For the record, my mother and father are professors. My mother has worked at least part time since when we were small. I always thought dads AND moms worked, that both did work around the house; I was raised with housework equity. My husband was raised in a similar fashion, but without the housework equity.

    Now, if we had the opportunity, I would absolutely be a SAHM. If you told my teenage self that she would have laughed in your face. Now I understand how it was for my mom to leave us.

    Oh how reality has changed my assumptions.

  4. AnaCA says:

    Azucar, while I don’t doubt your experience, I’m not certain it’s universal.

    Some kids do prefer one parent over the other at different times in their lives. But it’s not always Mom. And if it is, it might not always be Mom.

    This has been a developmental marker for my boys – there have been stages where I’m preferred, but now I think they are growing to the point where they identify more with my husband. My daughter, the youngest, would take Daddy over me any day of the week (she’s almost 2).

  5. FoxyJ says:

    Neither of my kids have seemed to prefer Mom to Dad at any stage of the game. We’ve both been students for our entire marriage, so our schedules have been all over the place. I took about a year or so off school after having each of my kids (I have 2) so I was the primary parent–that was mainly just to facilitate breastfeeding and such. Plus I think it easier to have one parent at home full-time with an infant. Right now I’m starting a PhD program in a few weeks and my husband has found a job where he can work at home about 30 hours a week. It’s hard to juggle both our schedules and I hate the fact that in 7 years neither of us has had a “real job”. The poverty and the lack of health insurance are annoying after a while. But I’m glad that my husband is committed to being there for our kids. He’s always been a very equal parent with me and totally willing to parent. He could go get a very nicely paying full-time job with benefits, but for right now he decided to work part-time with a flexible job so that I can more fully concentrate on my program. In a few years the plan is for him to transition to full-time after our kids get bigger and as I get into employment as a professor rather than grad school.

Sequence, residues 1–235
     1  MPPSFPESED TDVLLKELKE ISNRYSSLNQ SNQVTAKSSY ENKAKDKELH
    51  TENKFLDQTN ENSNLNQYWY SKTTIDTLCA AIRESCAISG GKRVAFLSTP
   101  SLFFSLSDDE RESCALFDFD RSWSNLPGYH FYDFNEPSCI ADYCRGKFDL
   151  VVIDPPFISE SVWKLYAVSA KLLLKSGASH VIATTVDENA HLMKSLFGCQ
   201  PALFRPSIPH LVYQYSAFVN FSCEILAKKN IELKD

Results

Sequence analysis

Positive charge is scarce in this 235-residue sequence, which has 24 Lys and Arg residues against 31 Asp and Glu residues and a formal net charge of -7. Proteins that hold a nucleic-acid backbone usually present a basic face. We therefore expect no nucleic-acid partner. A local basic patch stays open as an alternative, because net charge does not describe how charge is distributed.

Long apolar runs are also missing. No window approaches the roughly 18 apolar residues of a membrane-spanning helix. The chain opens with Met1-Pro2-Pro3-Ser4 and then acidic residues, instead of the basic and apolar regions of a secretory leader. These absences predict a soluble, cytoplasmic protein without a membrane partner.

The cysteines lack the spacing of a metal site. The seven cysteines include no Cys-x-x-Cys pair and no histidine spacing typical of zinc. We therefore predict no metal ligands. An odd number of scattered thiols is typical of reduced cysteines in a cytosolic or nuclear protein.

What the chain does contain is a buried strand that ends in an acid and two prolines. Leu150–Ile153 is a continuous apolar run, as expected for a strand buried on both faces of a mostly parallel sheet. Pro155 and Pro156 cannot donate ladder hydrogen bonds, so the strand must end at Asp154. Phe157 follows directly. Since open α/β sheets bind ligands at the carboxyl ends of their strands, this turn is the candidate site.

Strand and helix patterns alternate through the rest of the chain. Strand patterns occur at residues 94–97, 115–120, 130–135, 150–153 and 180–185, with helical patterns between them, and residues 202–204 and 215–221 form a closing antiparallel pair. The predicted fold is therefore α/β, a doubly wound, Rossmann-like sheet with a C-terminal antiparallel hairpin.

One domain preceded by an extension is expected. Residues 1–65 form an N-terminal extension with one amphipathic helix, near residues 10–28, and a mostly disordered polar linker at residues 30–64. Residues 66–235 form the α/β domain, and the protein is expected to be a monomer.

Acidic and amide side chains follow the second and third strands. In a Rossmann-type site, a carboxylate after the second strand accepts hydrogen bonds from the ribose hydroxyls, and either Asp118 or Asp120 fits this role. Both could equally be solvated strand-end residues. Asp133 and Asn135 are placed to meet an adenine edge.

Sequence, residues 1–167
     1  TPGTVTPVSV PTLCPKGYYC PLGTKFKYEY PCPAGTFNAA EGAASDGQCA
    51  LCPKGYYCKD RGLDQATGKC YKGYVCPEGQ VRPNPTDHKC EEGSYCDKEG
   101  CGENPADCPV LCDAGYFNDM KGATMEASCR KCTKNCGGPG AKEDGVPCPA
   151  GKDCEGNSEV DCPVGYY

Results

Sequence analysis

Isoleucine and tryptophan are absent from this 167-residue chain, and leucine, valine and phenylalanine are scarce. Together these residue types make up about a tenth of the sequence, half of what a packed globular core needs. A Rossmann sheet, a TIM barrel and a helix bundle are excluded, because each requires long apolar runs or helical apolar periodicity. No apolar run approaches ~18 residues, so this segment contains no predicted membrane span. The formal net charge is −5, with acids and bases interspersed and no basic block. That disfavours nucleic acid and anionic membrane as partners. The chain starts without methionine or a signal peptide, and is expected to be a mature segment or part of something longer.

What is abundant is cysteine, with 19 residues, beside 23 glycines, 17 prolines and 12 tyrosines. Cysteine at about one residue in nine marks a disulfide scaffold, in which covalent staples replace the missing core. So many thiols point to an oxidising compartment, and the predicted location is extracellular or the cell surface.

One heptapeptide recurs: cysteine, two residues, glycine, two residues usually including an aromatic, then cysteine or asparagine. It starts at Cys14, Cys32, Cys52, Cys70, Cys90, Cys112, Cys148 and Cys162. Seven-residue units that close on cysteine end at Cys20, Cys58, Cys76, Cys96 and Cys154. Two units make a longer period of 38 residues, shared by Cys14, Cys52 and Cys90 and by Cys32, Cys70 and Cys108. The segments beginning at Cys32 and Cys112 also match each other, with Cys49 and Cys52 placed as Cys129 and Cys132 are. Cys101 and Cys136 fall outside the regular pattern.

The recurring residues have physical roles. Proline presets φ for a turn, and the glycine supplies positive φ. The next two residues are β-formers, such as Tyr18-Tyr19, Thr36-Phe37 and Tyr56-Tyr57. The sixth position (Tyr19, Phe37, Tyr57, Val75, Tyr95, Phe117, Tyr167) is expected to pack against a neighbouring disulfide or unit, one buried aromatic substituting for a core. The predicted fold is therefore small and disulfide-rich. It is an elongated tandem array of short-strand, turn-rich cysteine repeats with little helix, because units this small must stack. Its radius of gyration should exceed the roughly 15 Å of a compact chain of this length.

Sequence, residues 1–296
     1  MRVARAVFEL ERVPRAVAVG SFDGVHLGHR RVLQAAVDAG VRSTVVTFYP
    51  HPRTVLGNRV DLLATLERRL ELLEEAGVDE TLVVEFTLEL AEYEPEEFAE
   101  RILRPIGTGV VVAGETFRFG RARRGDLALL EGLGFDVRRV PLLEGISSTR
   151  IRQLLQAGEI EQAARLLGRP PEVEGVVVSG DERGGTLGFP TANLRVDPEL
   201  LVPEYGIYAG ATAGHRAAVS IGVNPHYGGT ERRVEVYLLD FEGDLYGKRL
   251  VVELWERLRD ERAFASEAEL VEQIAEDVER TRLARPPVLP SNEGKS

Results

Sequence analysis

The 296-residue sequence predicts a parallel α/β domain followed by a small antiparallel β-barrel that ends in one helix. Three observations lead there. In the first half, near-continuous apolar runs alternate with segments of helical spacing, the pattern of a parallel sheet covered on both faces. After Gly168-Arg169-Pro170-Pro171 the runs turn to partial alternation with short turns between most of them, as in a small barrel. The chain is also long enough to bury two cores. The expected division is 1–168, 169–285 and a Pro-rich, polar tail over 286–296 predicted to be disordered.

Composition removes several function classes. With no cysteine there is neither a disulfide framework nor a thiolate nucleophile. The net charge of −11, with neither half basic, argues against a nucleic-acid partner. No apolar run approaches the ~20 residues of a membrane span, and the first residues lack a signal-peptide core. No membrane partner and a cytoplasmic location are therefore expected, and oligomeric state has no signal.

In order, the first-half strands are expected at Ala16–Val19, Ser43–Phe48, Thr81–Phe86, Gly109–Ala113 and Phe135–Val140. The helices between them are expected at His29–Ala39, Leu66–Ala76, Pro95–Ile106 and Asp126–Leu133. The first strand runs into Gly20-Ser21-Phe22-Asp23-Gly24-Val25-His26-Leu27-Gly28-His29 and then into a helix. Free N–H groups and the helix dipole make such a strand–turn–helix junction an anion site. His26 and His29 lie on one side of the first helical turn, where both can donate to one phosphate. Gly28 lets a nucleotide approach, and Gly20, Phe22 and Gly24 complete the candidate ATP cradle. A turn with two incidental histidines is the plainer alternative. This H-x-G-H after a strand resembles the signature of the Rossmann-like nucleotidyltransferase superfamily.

My dad worked a lot and also spent months at a time deployed overseas, and my husband grew up without a father in the home, so our parenting style is definitely a deliberate effort to overcome that. I admit that sometimes I kind of wish I could just be in charge and not have to compromise/work things out with the other parent, like my mom mostly did, but I’m glad my husband is involved and parents our kids.

  6. Caroline says:

    I agree AnaCA. Babies wanting moms isn’t a universal. At least not in my home. E prefers dad hands down.

    I’ve been really happy with the way mike and I have structured our marriage. I have been working part time – teaching from 11:30 until 4:30 every weekday. Some days Mike would come home, other days I would get sitters and it worked for everyone. I’m really lucky in that Mike teaches at a university and has a very flexible schedule.

    This upcoming year I’ll be going back to grad school, and we’ll do something similar, though I won’t be taking off every single weekday. I do worry about making this fair for Mike. He’s got a full time job, and he spends most of his free time taking care of E. I want to make sure the amount of free time we have is equitable.

  7. Jessawhy says:

    Caroline struck a note with me when she said,
    “I want to make sure the amount of free time we have is equitable.”
    I feel spoiled. I go to the gym in the morning, my baby naps, and Turtle watches a movie. Then it’s lunch and naps for all of us. I have so much free time and my husband has hardly any.
    (and for the record, they all prefer dad by at least a year old, sometimes earlier)
    I do think there are ways we can make this work distribution more equal, and a lot of that starts with me.
    I’ve been thinking of ways to get into grad school, or get a part time job. I’m just so uncertain of what I want to do at this stage of the game.
    3 small children is a lot of work. (even though I make it sound rather laid back sometimes.)

  8. cchrissyy says:

    yeah, that “favoring mom” thing just depends. I have two kids who pretty evenly call for either parent, but my kindergartner has *always* preferred dad. The only person he prefers to dad is grandpa (the hard-worker mentioned in my first comment who is now a VERY plugged-in grandparent), but except for breastfeeding, all his life he’s called to dad before me.

  9. EmilyCC says:

    Dora, your experience sounds similar to mine (and my husband’s). I never thought I would follow the path of my parents.

    When we were first married, we divided up the household work by who liked to do what and took turns with school. When kids came (6 years later), we went straight to traditionally-defined gender roles.

    My husband works a ton! And, I take care of all house-related and most child-related issues. It’s a bummer. I started to work so I could get a little time away from the kids.